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Food dispersions includes emulsions such as milk, cream, sauces, etc. The main characteristic of these foods is the presence of small particles, and the consequent high interfacial area between the particles and the continuous phase. The properties of food colloids are defined by the interactions among the particles.

Food emulsions consist of an oil phase containing hydrophobic compounds and an aqueous phase containing water-soluble compounds. One phase is dispersed into the other, defined as oil-in-water emulsions or water-in-oil emulsions, dependently if water or oil are the continuous phase, respectively. Emulsions are thermodynamically unstable, and phase separation can be deaccelerated or even prevented through kinetic factors. The origin of destabilization is based on gravitational force, attractive and repulsive forces among the particles, etc.

The destabilization can then be seen by creaming, flocculation, and coalescence. In addition to these, emulsion phase inversion and Ostwald ripening are phenomena that can happen in emulsions. Creaming is a phase separation caused by the upward migration of droplets due to density difference between phases. Flocculation is the aggregation of droplets due attractive forces. Coalescence is the merging of droplets.

The dispersion of water in oil for the production of mayonnaise is one of the most known examples of food emulsions.

Stokes Law and phase stability

Even in apparently stable systems, with a shelf life of several years, the number and size of droplets change with time. Stokes’ Law gives the creaming / sedimentation rate for an isolated, rigid, uncharged droplet: U=2/9 R2dρg/η. R stands for the radius, dρ for the density difference, g for gravity and η for viscosity. Creaming may be considered as negligible compared with Brownian motion when U is less than 1 mm/day. Stokes’ Law shows how to prevent or minimize creaming: i) Reduction of droplet size, for instance by the addition of considerable amounts of amphiphiles such as surfactants, or by the use of homogenizers at high operating pressure. ii) Reduction of density differences between the phases. Density difference between the oil phase and water phase is, depending on other factors, about 50 kgm-3. While the density of large droplets is similar to the oil phase, very small droplets have a density closer to that of the aqueous phase. iii) Tuning the viscosity of the continuous phase, by adding polymeric thickeners, for instance gums. iv) in the moon.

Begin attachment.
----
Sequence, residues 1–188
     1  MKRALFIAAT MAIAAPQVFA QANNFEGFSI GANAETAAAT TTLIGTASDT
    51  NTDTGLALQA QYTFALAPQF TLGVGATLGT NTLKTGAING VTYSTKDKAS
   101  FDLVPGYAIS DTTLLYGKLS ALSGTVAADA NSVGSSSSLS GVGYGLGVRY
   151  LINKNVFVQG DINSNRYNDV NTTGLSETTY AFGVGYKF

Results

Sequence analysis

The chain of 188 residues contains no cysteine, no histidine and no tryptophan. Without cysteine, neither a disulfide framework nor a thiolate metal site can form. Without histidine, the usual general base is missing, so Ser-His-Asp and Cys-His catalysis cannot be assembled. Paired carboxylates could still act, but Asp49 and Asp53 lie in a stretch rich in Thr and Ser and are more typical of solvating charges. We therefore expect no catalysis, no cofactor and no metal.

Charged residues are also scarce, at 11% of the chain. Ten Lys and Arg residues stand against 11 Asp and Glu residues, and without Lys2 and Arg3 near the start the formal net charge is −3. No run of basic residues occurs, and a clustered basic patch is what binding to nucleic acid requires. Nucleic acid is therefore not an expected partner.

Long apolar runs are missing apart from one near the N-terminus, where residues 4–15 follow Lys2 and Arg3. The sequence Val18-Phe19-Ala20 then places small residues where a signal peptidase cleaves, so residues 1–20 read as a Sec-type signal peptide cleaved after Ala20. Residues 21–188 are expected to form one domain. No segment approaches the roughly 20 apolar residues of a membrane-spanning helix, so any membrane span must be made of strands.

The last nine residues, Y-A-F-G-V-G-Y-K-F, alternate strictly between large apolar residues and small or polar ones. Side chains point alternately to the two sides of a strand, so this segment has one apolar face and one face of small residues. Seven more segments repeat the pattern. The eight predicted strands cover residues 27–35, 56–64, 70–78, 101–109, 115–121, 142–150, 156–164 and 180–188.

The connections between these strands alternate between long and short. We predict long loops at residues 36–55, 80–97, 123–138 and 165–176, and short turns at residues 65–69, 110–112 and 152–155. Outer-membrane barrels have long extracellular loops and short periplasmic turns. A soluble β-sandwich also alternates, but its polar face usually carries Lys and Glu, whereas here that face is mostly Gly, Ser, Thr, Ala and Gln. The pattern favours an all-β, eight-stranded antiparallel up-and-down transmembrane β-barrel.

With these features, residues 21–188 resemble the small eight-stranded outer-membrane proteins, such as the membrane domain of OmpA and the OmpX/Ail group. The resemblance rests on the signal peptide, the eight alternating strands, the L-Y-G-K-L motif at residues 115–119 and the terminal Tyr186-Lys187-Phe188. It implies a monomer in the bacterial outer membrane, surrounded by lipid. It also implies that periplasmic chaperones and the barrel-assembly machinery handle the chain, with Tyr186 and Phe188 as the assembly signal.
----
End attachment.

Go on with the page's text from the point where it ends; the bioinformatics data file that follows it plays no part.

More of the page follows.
Environmental pollution caused by industry has increased in last decades. The industrial chemical processes use mainly volatile and inflammable organic solvents and require high time and energy demands. In addition, currently, the techniques used have low extraction efficiencies and poor selectivity. The focus of scientists is now the development of more sustainable and environmental friendly chemical processes for the production, extraction and purification of biomolecules and bioactive compounds.

Ionic liquids have emerged as a promising alternative solvent since they are known by their non-flammable, non-volatile and recyclable character, being many times called green solvents. Since Paul Walden described the first ionic-liquid (ethylammonium nitrate) in 1914, the ionic liquids became one of the major scientific area of research and the number of papers addressing their outstanding properties has exponentially increased from a few to more than 5000 in the last 20 years.

In this piece I will describe ionic liquids from a clinical point of view; specifically, I will evidence how ionic liquids may be important in the diagnosis industry. In a further piece, I will describe the surprising applications that ionic liquids have on the food and drinks industry.

What are ionic liquids?

Ionic liquids are salts constituted by large unsymmetrical organic cations and organic or inorganic cations. Due to this asymmetry they not easily form a crystalline structure and they are liquid salts at low (<100ºC) temperatures. The ionic character associated to ionic liquids is responsible for their negligible vapor pressure, non-flammability and high chemical and thermal stabilities. In addition, ionic liquids are recognized by their excellent solvation ability for a wide range of compounds and as a good stabilization media for biological molecules such as proteins. Moreover, ionic liquids are recognized as tunable designer solvents, a result of the possibility of choose the cation and anion constituents offering a large number of ion combinations and the possibility of designing specific solvents allowing the development of more effective extraction and purification platforms.